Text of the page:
•  Educational activities can enhance empathy, dispel misconceptions about different age groups and reduce prejudice by providing accurate information and counter-stereotypical examples
  • Intergenerational interventions, bringing together people of different generations, can help reduce age related prejudice and stereotypes.
  • Communicating about ageing in the right way can help to tackle ageism and promote positive and inclusive behaviour in all aspects of life, from our communities and workplaces to the media, social media and political platforms.
  • Don’t use teams like ‘dear’, ‘young at heart’ ‘grumpy’ or ‘young girl’ – always refer to people by their name
  • Challenge ageism in everyday conversations – when you hear people using ageist stereotypes or displaying ageist attitudes, try to explain how the language they use can impact people
  • Need to think about the language we are using to describe ageing and age in policies, job descriptions and in our teams. Don’t use ageist language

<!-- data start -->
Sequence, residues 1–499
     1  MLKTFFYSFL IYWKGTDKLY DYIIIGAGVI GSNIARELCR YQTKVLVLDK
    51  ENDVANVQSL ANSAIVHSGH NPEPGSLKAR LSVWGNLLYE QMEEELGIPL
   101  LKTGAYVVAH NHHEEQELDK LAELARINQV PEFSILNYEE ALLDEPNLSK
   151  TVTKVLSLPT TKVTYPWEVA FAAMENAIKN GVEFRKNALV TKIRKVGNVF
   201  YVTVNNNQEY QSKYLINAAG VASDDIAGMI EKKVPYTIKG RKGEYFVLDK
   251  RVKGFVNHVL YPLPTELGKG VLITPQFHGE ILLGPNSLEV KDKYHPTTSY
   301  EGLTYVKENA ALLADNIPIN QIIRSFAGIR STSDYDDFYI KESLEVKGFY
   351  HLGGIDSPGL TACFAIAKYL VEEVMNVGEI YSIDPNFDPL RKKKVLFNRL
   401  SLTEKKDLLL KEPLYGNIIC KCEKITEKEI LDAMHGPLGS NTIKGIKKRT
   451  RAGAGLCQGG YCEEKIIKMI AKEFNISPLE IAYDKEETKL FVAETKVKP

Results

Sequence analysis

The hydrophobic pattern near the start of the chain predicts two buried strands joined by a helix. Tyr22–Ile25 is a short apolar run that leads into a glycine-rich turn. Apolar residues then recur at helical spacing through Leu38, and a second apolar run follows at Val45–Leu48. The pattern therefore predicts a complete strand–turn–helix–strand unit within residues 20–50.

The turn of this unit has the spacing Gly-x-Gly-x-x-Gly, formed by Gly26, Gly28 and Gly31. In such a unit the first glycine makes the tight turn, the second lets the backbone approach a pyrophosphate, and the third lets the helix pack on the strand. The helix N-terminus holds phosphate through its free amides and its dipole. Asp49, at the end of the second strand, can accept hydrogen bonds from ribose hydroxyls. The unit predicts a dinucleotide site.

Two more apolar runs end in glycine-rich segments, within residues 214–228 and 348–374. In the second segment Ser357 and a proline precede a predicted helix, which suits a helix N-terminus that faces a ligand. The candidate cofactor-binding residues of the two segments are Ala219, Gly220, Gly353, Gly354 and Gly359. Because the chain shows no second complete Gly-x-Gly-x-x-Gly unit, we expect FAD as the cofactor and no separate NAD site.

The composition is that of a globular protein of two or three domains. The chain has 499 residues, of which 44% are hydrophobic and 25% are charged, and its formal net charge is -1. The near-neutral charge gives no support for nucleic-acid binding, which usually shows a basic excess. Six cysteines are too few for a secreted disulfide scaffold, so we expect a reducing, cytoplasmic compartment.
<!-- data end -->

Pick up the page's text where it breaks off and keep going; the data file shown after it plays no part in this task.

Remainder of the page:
• Don’t make any assumptions of people's experiences, behaviours and potential based on their age.
  • Everyone should be considered for development opportunities and promotions based on their performance and capabilities, and not their age.
  • Don’t make any assumptions based on peoples ages and of their interests and career aspirations.
  • Consider all team members for progression opportunities, regardless of an individual's age.

7. Download our posters

In addition to the behaviour highlighted above, age related micro-aggressive behaviours can be verbal, non-verbal or environmental.

Download our posters below, on recognising age related Microaggressions, and examples of age related Microaggressions.

Age%20Microsgression%20Poster_001 Age%20Microsgression%20Poster_002